Thanks to an apparent loophole in the contract Mayor Rahm Emanuel’s staff signed with the police sergeants union, a sergeant facing a year’s suspension over the handling of the David Koschman case can bypass the Chicago Police Board and have an arbitrator decide his punishment, a judge has ruled.
Cook County Circuit Judge Anna Helen Demacopoulos ruled Monday that the contract allows sergeants to have an arbitrator, rather than the police board, rule on any suspension of more than 11 days. The police board, whose members are appointed by the mayor, can not only uphold or dismiss disciplinary action recommended by the police superintendent, but it also can issue a harsher punishment.
On Tuesday, an attorney for Sgt. Samuel J. Cirone — one of six Chicago cops who faced firing or suspensions in the botched Koschman investigation — moved to dismiss the police board case.
“We don’t believe the board has jurisdiction over this case in light of the court’s ruling yesterday,” attorney Dan Herbert told police board hearing officer Jacqueline Walker on the 13th anniversary of Koschman being punched by former Mayor Richard M. Daley’s nephew Richard J. “R.J.” Vanecko.
City Hall attorneys argued that the judge’s ruling doesn’t prevent the police board from deciding Cirone’s appeal of the one-year suspension that former interim Supt. John Escalante recommended in January 2016 over a fabricated police report that had once cleared Daley’s nephew in Koschman’s death.
Walker agreed to give the city’s lawyers more time so they can ask Demacopoulos to put her ruling on hold while the city appeals.
If that happens, an attorney for the city, Felicia Manno, said she would proceed with the case before the police board.
Demacopoulos’ ruling is based on the 2012 contract the Emanuel administration signed with the sergeants union, allowing them to appeal suspensions to either the police board or an arbitrator.
Chicago’s rank-and-file police officers and detectives, represented by the Fraternal Order of Police, can appeal suspensions only to the police board, according to the judge’s 13-page ruling.
The Emanuel administration disagreed with the judge’s conclusion that sergeants have the right to bypass the police board in appeals of suspensions.
RELATED: Full Sun-Times Koschman case archive
“The city of Chicago continues to believe that the Chicago Police Board has jurisdiction in this case and not an arbitrator,” law department spokesman Bill McCaffrey said. “There is no loophole. The contract specifically reads that ‘separation of a sergeant from service and suspensions in excess of 30 days are cognizable only before the police board’ and not by grievance procedures.
“We respectfully disagree with the judge’s decision in this case, and we plan to file an appeal.”
In January, the U.S. Department of Justice issued a report on the Chicago Police Department that criticized the police board as being part of a historically ineffective system of police discipline.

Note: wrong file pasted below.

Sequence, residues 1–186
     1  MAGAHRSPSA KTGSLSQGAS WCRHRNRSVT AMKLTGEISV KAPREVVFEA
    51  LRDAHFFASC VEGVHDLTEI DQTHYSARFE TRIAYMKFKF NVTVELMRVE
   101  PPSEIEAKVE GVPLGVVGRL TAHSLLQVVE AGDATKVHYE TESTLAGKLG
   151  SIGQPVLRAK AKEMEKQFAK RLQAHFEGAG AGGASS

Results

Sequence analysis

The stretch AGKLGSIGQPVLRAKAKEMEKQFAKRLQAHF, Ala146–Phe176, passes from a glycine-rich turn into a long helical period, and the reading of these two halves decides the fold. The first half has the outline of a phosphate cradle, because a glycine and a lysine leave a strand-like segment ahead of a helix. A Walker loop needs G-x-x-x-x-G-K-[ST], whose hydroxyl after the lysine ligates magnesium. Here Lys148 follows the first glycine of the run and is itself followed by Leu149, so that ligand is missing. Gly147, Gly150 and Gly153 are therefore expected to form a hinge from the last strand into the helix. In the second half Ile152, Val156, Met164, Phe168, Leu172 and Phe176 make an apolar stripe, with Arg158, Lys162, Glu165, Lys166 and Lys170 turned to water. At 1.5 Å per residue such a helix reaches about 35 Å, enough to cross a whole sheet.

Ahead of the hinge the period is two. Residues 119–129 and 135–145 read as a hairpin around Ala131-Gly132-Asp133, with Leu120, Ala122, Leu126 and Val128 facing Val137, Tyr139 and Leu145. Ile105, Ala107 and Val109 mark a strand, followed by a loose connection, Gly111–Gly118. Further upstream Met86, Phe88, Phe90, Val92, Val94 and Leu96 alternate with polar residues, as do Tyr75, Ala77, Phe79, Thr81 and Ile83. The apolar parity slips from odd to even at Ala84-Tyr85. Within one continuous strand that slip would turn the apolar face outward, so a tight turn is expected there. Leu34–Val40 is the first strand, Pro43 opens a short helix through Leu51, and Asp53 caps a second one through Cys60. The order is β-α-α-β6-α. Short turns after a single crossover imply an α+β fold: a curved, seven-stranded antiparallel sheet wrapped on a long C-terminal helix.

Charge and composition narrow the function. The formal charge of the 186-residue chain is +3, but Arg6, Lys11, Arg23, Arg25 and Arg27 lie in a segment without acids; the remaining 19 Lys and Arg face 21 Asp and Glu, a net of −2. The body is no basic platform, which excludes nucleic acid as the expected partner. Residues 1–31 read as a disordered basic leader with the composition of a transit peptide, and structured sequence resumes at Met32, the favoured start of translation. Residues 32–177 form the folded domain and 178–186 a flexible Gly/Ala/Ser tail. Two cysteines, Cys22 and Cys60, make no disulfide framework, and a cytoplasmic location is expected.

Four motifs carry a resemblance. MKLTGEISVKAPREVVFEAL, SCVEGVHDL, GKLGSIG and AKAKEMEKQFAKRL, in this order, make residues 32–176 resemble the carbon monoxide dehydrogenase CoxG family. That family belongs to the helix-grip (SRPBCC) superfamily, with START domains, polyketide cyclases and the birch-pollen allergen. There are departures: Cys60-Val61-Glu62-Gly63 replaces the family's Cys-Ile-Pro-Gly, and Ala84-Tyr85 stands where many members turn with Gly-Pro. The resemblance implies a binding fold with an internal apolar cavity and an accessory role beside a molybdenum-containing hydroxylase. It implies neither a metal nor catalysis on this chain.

Koschman, 21, of Mount Prospect, and some friends had been drinking on Division Street early on April 25, 2004, when they bumped into a group including Daley’s nephew. After an argument, Vanecko punched Koschman in the face. Koschman fell, cracking his head on the sidewalk, and died 11 days later.
Vanecko ran away. He eventually stood in a police lineup, but no one could identify him, so he wasn’t charged for years.
A Chicago Sun-Times investigation prompted the police to reopen the case in 2011, but they closed it then without filing charges and included a fabricated witness statement in their final report, which was approved by Cirone.
But the Sun-Times’ investigation led to the appointment of a special prosecutor, Dan K. Webb, and Vanecko ended up pleading guilty to involuntary manslaughter on Jan. 31, 2014, and serving two months in jail.
Webb said he also considered filing charges against Cirone and five other cops but decided he didn’t have enough evidence to convict them.
Emanuel and then-police Supt. Garry McCarthy directed City Hall Inspector General Joseph Ferguson to determine whether the cops should be punished.
In December 2015, Ferguson recommended the police department fire three of them — detectives James Gilger, Nick Spanos and Lt. Denis P. Walsh. Ferguson recommended that three others — Cirone, Chief of Detective Constantine “Dean” Andrews and Commander Joseph Salemme — face “discipline up to and including discharge.”
Escalante, briefly serving as interim superintendent after Emanuel fired McCarthy following the release of the Laquan McDonald police-shooting video, agreed to fire Walsh and Gilger — both retired to avoid punishment. He recommended one-year suspensions for the others. Andrews and Salemme retired. Spanos served his suspension, largely by cashing in about 10 months of vacation days and compensatory time off.
Cirone, whose father also was a Chicago cop, filed an appeal with the police board and with arbitrator George Roumell Jr., who decided he had the authority to hear the case.